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Working-Family Tax Credit Essentials, Part 1: Overview

As Congress returns to work this week, a key area of potential bipartisan agreement is strengthening two vital tax credits for working families: the Earned Income Tax Credit (EITC) and Child Tax Credit (CTC).  This series of posts will highlight our new chart book on the credits, which encourage work, help offset the cost of raising children, and lift millions out of poverty.  (Roughly half the states also have their own EITCs to build on the benefits of the federal EITC.)

The EITC and CTC have historically received bipartisan support.  President Obama has championed measures to strengthen the credits and Paul Ryan, ascending this year to chairing the House Ways and Means Committee, has highlighted the EITC as one of the most effective anti-poverty programs.

The first step in strengthening the credits is to make permanent key EITC and CTC features that will expire at the end of 2017, causing millions of low-income working families to lose all or part of their credits.  More than 16 million people in working families with low or modest incomes, including 8 million children, would fall into — or deeper into — poverty in 2018 if these provisions expire.


In addition, President Obama and Chairman Ryan have nearly identical proposals to fill a glaring gap in the EITC by boosting the credit for “childless workers” — that is, adults without children and non-custodial parents.  Childless workers receive little or nothing from the EITC.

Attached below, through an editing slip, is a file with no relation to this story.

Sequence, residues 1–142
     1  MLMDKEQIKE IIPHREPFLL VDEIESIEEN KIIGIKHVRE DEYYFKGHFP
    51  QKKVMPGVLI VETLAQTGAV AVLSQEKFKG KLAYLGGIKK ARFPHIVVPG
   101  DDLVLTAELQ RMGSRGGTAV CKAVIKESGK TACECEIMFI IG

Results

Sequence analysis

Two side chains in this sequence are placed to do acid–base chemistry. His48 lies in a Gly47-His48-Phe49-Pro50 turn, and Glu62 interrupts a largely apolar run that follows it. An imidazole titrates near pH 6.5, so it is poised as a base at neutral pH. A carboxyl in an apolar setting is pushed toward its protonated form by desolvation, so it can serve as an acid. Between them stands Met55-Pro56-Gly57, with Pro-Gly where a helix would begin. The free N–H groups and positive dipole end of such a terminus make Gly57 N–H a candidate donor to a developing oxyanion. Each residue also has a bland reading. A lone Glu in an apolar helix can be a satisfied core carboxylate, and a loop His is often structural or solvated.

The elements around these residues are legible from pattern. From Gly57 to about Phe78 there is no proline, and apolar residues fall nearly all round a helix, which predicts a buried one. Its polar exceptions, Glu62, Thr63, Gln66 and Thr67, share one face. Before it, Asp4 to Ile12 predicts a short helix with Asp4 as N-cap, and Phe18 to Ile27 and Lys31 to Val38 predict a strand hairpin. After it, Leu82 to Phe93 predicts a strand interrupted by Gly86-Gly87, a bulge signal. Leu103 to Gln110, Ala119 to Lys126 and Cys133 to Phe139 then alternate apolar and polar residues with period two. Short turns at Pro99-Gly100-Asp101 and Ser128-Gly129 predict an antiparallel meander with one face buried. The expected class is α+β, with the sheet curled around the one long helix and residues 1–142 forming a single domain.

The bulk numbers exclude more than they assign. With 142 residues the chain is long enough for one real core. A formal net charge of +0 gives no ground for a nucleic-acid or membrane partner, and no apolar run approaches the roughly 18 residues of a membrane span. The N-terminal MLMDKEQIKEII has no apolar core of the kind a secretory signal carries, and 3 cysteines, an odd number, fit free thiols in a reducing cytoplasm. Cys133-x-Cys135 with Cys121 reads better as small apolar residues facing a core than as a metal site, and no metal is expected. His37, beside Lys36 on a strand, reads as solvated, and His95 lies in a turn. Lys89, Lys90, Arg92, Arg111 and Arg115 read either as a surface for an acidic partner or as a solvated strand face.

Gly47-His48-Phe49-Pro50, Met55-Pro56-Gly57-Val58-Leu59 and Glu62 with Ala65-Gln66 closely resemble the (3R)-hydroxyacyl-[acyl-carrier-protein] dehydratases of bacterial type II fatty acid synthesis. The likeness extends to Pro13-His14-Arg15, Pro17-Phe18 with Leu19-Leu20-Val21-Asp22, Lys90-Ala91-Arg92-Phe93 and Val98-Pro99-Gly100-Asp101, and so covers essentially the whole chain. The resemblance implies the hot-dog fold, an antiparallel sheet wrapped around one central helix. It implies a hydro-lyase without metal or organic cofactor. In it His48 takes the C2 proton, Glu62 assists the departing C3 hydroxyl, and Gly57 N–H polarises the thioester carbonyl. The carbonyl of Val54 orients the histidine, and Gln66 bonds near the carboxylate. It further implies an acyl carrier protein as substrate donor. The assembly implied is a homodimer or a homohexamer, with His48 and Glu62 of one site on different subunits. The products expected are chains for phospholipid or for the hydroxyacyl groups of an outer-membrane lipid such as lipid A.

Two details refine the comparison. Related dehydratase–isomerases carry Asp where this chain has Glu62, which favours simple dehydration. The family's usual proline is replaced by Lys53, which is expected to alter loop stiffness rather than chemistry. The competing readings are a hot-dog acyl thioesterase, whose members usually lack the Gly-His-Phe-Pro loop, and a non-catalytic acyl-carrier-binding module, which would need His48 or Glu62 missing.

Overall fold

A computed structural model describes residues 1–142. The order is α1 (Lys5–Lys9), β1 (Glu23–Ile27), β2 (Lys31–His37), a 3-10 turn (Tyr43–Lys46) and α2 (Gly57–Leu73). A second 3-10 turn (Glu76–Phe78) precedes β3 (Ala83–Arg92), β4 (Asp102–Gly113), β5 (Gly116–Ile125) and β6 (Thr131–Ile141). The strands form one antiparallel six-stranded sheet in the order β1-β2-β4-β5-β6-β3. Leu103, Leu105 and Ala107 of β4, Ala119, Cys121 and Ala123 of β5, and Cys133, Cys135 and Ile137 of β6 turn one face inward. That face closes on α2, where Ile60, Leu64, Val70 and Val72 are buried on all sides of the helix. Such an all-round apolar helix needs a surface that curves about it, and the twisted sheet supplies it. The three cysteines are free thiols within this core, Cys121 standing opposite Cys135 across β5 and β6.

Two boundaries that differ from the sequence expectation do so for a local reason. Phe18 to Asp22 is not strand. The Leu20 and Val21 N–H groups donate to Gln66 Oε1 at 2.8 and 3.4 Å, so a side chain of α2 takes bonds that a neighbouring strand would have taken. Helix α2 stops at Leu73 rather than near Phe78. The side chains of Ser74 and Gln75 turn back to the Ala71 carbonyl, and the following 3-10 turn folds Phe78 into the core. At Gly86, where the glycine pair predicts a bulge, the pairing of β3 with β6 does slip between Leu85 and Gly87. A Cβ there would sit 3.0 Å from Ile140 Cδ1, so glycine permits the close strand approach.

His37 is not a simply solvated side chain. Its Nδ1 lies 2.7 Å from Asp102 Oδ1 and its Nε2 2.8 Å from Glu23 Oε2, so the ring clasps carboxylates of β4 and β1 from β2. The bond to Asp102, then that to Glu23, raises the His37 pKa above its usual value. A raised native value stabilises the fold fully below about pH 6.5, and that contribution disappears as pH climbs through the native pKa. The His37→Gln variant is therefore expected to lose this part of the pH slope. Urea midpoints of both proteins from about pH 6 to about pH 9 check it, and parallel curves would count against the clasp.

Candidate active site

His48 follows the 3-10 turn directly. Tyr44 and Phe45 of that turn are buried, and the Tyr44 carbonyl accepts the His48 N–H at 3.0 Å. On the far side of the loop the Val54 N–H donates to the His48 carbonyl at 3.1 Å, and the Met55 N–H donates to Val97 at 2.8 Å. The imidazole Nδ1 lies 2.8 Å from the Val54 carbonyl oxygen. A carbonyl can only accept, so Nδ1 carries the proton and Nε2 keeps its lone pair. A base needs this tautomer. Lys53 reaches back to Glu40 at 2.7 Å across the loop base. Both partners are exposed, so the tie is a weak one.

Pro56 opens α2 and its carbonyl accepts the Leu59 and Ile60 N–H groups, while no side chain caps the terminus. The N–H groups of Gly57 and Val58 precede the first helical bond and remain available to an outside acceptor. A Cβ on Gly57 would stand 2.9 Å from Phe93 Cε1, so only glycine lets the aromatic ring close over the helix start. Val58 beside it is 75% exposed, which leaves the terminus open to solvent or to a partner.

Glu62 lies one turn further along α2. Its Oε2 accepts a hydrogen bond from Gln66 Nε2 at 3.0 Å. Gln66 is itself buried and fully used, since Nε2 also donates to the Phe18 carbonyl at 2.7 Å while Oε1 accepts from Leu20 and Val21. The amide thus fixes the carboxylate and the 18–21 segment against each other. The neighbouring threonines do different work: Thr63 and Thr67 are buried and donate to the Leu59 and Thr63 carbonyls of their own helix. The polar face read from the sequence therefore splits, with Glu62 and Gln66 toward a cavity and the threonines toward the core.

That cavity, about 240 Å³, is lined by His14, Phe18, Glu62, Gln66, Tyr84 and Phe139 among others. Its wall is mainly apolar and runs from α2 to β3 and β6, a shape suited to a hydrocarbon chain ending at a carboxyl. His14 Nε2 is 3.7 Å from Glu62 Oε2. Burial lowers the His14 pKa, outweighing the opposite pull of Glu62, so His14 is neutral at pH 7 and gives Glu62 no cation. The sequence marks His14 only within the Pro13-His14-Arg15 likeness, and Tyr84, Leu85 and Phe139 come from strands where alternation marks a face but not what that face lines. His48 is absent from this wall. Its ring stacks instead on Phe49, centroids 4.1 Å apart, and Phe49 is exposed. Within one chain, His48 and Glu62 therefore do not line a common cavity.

Substantial research over the past 15 years supports these changes.  The EITC significantly increases recipients’ work effort, numerous studies have found, and the EITC and CTC together lift 9 million people out of poverty — more than any other federal program besides Social Security — while making 22 million others less poor (see chart).  The credits lift more children out of poverty than any other program.

On top of these direct impacts, recent research suggests that income from these credits has benefits at virtually every stage of life for children in recipient families — improving school performance, college enrollment, and work effort and earnings in adulthood.

Policymakers should make strengthening the EITC and CTC a top priority in 2015.

Check out our chart book and other EITC and CTC resources for more!

Stay tuned.  The next post in this series will highlight the growing body of research that suggests the EITC and CTC provide benefits at virtually every stage of life.

Chuck Marr
Vice President for Federal Tax Policy